Welcome to this week’s History Thread! Today we’ll return to our recent looks at famous authors through their political views, personal relationships or lesser-known exploits. Our subject will be Louisa May Alcott, author of Little Women, albeit a different Alcott that you might be familiar with.
By the time the American Civil War broke out, Alcott was 28 years old and already well-acquainted with the writing world. Her father Amos Bronson Alcott was involved in abolitionist circles in Boston (on one occasion, he faced down an angry mob of anti-abolitionist ruffians who threatened to disrupt a speech by William Lloyd Garrison); both Bronson and his wife, Abby May Alcott, also took part in the Underground Railroad. Bronson also introduced Louisa to the circle of modern American writers (Henry David Thoreau, Nathaniel Hawthorne, Ralph Waldo Emerson) which played a major role in shaping her own career. Not all of them shared her parents’ political views, which accommodated not only abolition but then-radical support for women’s suffrage; but the combination redoubled Louisa’s decision to become a writer.
Frustrated by the lack of success in her early work – a series of pieces for The Atlantic, along with a short story collection called Flower Fables – Alcott decided that she, as a “red hot Abolitionist,” could not ignore the Civil War. “As I can’t fight,” she told a friend, “I will content myself with working with those who can.” In December 1862, she volunteered as a nurse for service at the Union Hospital in Washington, DC. Her tenure there would be short (just six weeks) but highly eventful, as she arrived just after the disastrous Battle of Fredericksburg (December 11-15, 1862), which left 12,000 Union soldiers dead or wounded and left her and her fellow nurses to deal with a seemingly endless flow of human misery.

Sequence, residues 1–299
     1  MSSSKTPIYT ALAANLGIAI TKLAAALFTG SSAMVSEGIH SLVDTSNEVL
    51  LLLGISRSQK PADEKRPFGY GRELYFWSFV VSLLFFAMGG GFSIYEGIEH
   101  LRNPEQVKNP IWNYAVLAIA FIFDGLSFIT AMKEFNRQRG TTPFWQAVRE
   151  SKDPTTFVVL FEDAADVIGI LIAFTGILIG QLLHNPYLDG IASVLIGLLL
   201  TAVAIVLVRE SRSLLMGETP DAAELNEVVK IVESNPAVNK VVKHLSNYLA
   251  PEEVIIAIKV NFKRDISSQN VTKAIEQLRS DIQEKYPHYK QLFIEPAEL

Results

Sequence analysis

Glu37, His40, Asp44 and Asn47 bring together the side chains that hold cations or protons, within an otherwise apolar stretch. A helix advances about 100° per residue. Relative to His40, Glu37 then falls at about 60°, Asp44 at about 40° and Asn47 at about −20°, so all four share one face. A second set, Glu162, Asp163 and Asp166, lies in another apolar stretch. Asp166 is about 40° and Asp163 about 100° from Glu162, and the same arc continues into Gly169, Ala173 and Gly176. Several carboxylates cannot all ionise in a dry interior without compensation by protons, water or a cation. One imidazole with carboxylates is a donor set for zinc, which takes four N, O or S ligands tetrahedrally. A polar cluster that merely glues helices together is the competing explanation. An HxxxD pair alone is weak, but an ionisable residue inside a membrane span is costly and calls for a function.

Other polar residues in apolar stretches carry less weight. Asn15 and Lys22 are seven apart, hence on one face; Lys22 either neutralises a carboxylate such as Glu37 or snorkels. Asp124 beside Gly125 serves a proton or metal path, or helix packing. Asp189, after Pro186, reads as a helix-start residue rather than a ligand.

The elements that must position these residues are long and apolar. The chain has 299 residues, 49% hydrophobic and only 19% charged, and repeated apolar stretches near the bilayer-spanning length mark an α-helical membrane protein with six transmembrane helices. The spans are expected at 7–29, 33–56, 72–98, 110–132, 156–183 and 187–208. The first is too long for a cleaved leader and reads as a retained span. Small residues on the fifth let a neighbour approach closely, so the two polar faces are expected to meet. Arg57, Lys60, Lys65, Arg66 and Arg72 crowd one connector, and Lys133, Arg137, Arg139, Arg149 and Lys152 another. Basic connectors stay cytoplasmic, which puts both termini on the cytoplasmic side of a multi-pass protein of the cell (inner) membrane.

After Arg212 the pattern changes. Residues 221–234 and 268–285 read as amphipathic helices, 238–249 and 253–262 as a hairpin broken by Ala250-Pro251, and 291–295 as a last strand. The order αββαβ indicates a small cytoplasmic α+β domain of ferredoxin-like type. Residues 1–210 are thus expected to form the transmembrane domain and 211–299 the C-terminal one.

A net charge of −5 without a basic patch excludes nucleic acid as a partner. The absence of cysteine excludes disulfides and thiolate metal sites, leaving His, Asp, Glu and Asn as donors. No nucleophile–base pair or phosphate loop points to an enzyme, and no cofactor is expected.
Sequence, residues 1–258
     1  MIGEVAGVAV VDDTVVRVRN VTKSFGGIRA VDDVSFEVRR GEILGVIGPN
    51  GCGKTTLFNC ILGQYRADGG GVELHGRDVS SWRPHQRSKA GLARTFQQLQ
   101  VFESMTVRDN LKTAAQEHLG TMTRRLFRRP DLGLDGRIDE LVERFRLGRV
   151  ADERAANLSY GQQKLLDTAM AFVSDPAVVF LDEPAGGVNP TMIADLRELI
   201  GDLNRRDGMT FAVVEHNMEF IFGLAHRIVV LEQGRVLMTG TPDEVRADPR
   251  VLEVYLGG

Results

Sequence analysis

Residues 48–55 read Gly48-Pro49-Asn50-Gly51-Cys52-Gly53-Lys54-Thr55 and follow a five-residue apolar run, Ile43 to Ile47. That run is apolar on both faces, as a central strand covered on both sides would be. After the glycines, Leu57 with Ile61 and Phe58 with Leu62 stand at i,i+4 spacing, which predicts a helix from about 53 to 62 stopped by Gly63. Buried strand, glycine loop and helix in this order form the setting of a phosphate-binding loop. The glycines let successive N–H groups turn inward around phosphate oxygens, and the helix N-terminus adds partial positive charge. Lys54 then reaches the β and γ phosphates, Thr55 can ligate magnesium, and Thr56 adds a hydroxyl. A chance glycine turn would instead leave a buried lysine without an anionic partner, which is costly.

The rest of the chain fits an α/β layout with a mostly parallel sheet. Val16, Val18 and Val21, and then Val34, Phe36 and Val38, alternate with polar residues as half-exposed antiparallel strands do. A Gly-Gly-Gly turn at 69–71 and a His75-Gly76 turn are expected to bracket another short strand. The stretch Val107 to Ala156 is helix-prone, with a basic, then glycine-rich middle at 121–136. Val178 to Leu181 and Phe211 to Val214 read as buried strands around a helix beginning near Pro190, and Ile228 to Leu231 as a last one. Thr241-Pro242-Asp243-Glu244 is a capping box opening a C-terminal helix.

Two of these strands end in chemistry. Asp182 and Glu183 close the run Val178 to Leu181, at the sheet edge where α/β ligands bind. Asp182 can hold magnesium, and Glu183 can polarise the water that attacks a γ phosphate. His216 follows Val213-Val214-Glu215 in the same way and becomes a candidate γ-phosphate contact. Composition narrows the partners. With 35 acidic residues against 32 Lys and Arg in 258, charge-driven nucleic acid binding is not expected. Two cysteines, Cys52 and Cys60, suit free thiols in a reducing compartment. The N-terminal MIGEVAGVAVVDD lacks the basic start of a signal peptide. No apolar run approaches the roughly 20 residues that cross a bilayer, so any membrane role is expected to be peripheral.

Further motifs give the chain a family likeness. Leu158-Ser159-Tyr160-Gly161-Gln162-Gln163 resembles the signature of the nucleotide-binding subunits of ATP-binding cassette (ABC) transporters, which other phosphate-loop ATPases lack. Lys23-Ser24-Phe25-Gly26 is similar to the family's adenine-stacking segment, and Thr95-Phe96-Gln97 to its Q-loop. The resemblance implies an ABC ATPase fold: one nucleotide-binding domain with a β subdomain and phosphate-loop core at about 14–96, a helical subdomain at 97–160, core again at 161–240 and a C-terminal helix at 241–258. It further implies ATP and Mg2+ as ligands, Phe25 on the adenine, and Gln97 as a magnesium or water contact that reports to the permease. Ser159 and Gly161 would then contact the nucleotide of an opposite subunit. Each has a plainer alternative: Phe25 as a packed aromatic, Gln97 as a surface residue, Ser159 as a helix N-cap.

The result, initially captured in private diaries and letters home, became Alcott’s first major work, Hospital Sketches (1863). Originally serialized in the abolitionist magazine Boston Commonwealth in May 1863, Sketches depicts the efforts of Tribulation Periwinkle (Alcott’s wonderfully-named author avatar) to adjust to life as a nurse. After a few uneventful days at the hospital, obtaining medical supplies and getting used to its stern matron Miss Blank, Tribulation receives a rude awakening to the realities of war when a young black child runs down the road calling that ambulances are coming. From here, we’ll allow Alcott to speak for her character: